The most stressful thing about baking for a blog is trying to make everything look pretty.
I mean, I always want the end product to look pretty, but I don’t want to have to worry about how the shine of the cherries look in the sunlight and how many crumbs are on my white plate.
Everything takes longer when you’re worried about what angle the whisk is sitting at in your bowl.
But I do it. I do it for your guys.
But sometimes, you can’t even get the final beauty shot.
Exhibit A, above.
Everything was going so well up until that point. I knew I was going to get a lot of photos, a lot of lovely progress shots, because layer cakes (which black forest cakes are indeed) have a lot of intermediate steps with clear changes.
And it has a lot of lovely visual contrast, of light on dark:
And vibrant, happy cherry red on white:
Man, it’s hard to make glossy gooey cherries NOT look good.
But the other thing about layer cakes, specifically ones with ooey gooey gorgeous cherry layers, is that their internal structure can sometimes… deteriorate with time.
Not really fall apart or anything or anything that drastic (if your layer cakes are deteriorating to the point of falling apart, you need a new cake layer recipe as that crumb is not strong enough to handle such a structure!), but ooey gooey fruit fillings can sometimes have this aggressive way of soaking into everything.
Which is absolutely wonderful and desired because it makes the layers moist and keeps them that way for much longer.
The downside to this is as time passes, when you cut through these layers, they all sort of… squish and become one.
It actually takes time to get this way, but I couldn’t get my beauty shot any earlier than I did. See, this was a birthday cake for my Father-in-law, made on a Friday and served on a Sunday and photographed on the following Monday evening.
I mean, I could take photos of the outside on Friday (see above), but no person in their right mind cuts into a birthday cake before the birthday boy sees it! And I wasn’t going to take awkward “place the cake here for perfect sunlight” photos of the cake at my in-laws house.
So that left Monday evening, right after work, approximately 72 hours after it had been made and 24 hours after it had already been initially cut. I finally was able to take this photo right before the sun went down..
I mean, I think it still looks delicious, but it’s not exactly that.. Pinterest-worthy shot.
But as much as I love this blog, I don’t bake just to make posts. I bake for sugar in my tummy and smiles on the faces of the people I love.
There’s lots of different ways for something to be “pretty”.
Black Forest Cake
Adapted from AllRecipes.com
- 2 (20 oz.) cans pitted sour cherries
- 1 cup granulated sugar
- 1/2 cup cornstarch
- 1 teaspoon vanilla extract
Cherry Simple Syrup
- 1/2 cup drained liquid from canned cherries
- 1/2 cup granulated sugar
- 1 tablespoon grenadine (optional)
- 2 1/8 cups all-purpose flour
- 2 cups white sugar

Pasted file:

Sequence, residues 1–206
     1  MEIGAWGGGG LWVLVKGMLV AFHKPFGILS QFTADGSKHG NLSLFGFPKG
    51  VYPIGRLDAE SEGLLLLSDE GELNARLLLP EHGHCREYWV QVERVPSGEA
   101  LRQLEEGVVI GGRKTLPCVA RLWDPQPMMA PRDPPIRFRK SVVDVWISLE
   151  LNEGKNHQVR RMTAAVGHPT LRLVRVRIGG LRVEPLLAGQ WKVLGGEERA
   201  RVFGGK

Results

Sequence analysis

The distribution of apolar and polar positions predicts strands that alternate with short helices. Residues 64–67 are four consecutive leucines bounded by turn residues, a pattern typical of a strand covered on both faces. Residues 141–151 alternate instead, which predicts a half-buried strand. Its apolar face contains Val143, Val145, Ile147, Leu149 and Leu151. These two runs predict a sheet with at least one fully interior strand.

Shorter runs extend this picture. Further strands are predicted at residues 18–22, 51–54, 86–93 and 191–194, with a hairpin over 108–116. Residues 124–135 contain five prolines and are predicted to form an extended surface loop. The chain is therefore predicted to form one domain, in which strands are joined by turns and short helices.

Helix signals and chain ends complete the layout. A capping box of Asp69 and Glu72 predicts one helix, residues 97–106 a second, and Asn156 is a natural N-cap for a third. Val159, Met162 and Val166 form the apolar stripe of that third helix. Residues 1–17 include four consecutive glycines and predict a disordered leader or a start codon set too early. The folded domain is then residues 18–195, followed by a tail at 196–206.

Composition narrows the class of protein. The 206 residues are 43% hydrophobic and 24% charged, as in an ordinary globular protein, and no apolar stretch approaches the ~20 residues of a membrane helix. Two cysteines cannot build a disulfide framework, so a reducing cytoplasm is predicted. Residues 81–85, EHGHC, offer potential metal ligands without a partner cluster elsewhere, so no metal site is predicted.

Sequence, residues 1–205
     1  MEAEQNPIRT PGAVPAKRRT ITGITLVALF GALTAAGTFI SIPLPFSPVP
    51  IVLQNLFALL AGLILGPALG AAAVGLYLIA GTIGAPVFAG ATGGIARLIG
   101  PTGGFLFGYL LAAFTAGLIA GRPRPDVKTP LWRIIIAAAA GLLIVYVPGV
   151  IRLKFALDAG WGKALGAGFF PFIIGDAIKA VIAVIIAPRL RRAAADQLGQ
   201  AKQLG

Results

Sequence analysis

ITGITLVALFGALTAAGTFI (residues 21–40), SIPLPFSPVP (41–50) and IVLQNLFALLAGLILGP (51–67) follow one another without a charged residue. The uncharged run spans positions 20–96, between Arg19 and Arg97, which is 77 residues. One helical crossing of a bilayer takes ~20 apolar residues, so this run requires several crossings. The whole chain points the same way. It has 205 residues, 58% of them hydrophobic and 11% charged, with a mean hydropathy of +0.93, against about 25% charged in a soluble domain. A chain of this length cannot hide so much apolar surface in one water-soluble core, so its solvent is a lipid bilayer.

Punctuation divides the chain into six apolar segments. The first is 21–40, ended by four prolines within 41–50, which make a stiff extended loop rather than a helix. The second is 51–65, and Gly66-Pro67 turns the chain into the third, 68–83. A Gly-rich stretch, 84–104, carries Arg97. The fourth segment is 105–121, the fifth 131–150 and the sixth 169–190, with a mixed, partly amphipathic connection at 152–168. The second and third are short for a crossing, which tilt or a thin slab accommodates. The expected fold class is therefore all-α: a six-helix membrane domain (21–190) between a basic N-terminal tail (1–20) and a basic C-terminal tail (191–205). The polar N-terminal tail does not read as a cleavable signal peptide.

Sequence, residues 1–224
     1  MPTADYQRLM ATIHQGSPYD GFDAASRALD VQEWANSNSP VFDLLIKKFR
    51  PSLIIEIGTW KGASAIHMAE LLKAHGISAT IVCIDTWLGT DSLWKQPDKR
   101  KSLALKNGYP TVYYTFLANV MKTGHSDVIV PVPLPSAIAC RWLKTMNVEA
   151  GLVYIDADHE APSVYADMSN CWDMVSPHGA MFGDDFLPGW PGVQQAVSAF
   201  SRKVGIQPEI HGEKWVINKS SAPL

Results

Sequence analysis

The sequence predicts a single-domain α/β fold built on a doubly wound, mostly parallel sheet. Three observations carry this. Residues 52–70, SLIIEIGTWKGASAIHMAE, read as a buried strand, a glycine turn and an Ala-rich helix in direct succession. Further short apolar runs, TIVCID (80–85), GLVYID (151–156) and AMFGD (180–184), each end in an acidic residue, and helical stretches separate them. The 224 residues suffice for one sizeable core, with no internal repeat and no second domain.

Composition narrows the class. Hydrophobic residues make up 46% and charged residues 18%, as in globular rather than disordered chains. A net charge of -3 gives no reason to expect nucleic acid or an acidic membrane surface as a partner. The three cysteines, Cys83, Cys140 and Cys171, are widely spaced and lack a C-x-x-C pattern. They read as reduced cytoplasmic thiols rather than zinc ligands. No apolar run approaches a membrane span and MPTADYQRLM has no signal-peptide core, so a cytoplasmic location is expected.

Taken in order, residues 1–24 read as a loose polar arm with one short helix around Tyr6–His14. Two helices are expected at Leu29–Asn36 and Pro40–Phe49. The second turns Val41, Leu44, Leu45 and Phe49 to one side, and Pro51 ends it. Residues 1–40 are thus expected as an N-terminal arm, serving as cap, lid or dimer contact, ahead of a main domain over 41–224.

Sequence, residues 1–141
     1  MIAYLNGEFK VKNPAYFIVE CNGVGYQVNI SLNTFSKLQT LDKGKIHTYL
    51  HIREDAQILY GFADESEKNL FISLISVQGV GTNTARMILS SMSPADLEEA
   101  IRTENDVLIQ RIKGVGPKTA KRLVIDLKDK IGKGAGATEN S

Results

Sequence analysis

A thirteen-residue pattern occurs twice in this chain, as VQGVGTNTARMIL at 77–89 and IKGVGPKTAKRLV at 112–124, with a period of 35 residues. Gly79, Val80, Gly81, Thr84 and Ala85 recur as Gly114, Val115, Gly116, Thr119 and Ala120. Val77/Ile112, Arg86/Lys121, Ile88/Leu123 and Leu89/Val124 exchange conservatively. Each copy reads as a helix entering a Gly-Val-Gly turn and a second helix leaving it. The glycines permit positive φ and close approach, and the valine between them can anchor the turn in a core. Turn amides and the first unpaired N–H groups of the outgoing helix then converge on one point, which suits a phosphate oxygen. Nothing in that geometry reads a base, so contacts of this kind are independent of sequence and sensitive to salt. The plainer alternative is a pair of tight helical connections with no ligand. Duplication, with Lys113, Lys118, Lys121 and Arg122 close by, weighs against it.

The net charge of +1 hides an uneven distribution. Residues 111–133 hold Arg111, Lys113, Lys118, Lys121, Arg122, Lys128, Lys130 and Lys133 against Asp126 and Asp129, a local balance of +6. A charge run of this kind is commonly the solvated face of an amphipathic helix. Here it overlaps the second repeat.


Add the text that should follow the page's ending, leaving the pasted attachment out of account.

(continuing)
- 3/4 cup unsweetened cocoa powder
- 1 1/2 teaspoons baking powder
- 3/4 teaspoon baking soda
- 3/4 teaspoon salt
- 3 eggs
- 1 cup milk
- 1/2 cup vegetable oil
- 1 tablespoon vanilla extract
- 3 cups heavy whipping cream
- 1/3 cup confectioners sugar
- Preheat oven to 350 degrees F (175 degrees C). Grease and flour two 9 inch, round, cake pans; cover bottoms with waxed paper.
- Filling: Drain cherries, reserving 1 cup juice, divided. Combine 1/2 cup of reserved juice, cherries, 1 cup sugar and cornstarch in a 2 quart saucepan. Cook over low heat until thickened, stirring constantly. Stir in 1 teaspoon vanilla. Put aside to cool completely.
- Syrup: Combine remaining 1/2 cup of reserved juice, 1/2 cup sugar and grenadine (if using) in a small sauce pot. Bring to a boil and simmer for 5-10 minutes, until thickened. Let cool completely.
- Cake: In a large bowl, whisk together flour, 2 cups sugar, cocoa, baking powder, baking soda, and salt. Make a well in the center.
- Add eggs, milk, oil, and 1 tablespoon vanilla into well; blend from inside out until fully combined.
- Pour batter into prepared pans. Bake for 35 minutes, or until wooden toothpick inserted in centers comes out clean. Cool layers in pans on wire racks 10 minutes. Loosen edges, and remove to racks to cool completely.
- Whipped cream: While the cakes are cooling, combine whipping cream and confectioner’s sugar in a chilled medium bowl. Beat with an electric mixer at high speed until stiff peaks form.
- Assembly: With long serrated knife, trim the domes off each cake to level, saving the trimmed cake. Crumble trimmings into a bowl; set aside. Split each cake layer horizontally in half.
- Reserve 1 1/2 cups whipped cream for decorating cake in a piping bag fitted with a star decorator tip; set aside. Gently brush loose crumbs off top and side of each cake layer with pasty brush or hands. Place one cake layer on cake plate. Brush with cherry syrup. Spread evenly with 1 cup frosting; top with 3/4 cup cherry topping. Repeat with layers two and three. Brush cut side of fourth layer with syrup then place layer, syrup side down, on the cake.
- Frost sides of cake. Pat reserved crumbs onto frosting on side of cake. Using prepared pastry bag, pipe around top and bottom edges of cake. Spoon remaining cherry topping onto top of cake.
- Store in an airtight container in the refrigerator.